The super mum living in your eucalyptus tree
An Aussie beetle’s social life supports a link between monogamy and complex societies.
A female ambrosia beetle (Austroplatypus incompertus) mates with one male, founds a colony in tunnels she excavates deep within a eucalyptus tree, and then lays eggs for 30 to 40 years.
When her first batch of eggs are born some of her daughters commit to a lifetime of helping her maintain her colony while the others fly away to find a mate and start their own colonies.
But for both the queen and her worker daughters, living within tunnels comes at the cost of mobility, as they lose their claws and some further leg segments. While still able to move around inside their home, they are unable to leave, and in the case of workers, unable to ever mate.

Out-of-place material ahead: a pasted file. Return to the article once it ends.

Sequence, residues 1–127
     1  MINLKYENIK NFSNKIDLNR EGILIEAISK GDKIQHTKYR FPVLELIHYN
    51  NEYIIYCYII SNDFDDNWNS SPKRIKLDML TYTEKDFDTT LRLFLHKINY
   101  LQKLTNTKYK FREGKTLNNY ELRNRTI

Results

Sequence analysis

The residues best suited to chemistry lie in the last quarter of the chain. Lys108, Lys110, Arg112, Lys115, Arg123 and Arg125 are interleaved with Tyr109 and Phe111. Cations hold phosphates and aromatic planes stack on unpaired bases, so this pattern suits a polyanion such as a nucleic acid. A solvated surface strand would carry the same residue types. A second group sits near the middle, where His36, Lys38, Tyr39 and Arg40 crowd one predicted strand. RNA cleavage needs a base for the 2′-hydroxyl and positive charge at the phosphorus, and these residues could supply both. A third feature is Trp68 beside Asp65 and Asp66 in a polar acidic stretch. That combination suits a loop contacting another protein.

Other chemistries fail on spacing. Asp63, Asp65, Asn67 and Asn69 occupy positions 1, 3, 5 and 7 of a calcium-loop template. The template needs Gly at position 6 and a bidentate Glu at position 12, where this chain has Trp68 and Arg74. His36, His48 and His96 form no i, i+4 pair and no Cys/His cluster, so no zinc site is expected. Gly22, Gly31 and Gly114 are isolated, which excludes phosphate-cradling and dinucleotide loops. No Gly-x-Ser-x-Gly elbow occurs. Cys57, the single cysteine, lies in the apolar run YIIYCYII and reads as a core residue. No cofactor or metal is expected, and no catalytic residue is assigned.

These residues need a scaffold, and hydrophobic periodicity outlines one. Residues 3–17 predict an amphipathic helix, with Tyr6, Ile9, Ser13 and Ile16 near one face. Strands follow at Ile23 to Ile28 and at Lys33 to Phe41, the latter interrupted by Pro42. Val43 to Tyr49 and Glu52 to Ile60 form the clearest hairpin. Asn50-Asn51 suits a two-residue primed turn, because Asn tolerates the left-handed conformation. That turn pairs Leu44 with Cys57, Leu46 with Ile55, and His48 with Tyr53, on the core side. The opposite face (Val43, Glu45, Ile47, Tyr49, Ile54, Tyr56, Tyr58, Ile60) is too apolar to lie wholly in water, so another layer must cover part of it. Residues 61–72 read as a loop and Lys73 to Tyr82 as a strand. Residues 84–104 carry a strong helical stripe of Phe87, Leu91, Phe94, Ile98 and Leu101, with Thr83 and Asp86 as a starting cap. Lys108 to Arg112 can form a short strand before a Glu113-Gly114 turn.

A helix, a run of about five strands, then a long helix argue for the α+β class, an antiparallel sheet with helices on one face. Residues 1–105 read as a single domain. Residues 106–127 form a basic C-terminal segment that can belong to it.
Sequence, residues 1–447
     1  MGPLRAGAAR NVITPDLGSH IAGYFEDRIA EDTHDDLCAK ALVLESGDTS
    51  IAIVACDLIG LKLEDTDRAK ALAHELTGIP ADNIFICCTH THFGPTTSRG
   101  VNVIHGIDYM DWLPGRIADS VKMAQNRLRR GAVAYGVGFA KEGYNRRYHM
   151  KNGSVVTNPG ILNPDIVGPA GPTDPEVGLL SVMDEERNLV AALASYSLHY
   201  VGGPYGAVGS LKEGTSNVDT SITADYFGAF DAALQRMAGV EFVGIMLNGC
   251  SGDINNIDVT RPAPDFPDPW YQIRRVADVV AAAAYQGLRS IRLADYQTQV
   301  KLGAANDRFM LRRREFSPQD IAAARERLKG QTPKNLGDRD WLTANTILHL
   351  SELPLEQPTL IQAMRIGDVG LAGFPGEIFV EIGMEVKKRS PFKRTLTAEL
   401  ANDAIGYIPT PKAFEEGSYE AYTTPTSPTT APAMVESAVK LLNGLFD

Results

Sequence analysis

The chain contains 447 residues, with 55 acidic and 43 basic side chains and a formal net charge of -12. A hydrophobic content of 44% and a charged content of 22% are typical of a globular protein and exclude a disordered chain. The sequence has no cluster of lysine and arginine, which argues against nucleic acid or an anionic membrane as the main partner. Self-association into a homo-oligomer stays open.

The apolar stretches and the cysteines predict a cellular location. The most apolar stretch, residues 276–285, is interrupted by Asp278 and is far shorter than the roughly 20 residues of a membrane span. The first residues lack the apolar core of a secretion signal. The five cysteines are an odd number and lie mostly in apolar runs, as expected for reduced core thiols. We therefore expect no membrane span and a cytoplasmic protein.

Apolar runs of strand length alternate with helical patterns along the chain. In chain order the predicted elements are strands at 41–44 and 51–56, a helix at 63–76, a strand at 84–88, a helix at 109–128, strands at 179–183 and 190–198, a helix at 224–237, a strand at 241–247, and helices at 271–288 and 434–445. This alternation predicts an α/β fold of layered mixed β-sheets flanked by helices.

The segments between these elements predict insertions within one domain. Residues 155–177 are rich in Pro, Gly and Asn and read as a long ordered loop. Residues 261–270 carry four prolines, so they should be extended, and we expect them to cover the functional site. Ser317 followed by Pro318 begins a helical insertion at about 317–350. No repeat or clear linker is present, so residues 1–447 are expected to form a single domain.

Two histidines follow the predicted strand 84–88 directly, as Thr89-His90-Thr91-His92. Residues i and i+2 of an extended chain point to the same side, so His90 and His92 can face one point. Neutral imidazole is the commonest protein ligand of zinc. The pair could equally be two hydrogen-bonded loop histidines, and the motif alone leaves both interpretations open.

This is just part of the complex social and sex lives of ambrosia beetles reported by researchers from Macquarie University and Western Sydney University in Nature Ecology & Evolution.
“We know that bees, ants and termites have castes, with particular roles they might carry out for life,” says Shannon Smith, Honorary Postdoctoral Associate in the Department of Biological Sciences, Visiting Fellow at the Hawkesbury Institute for the Environment, Western Sydney University, and first author of the study.
“In the most extreme case, we see individuals give up the chance to reproduce to serve the colony.
“This is the first time we’ve described the details of this advanced form of sociality in a beetle, despite there being close to 400,000 species of beetles in the world.”
Photos courtesy of Shannon Smith and Deborah Kent.
Published 27 April 2018.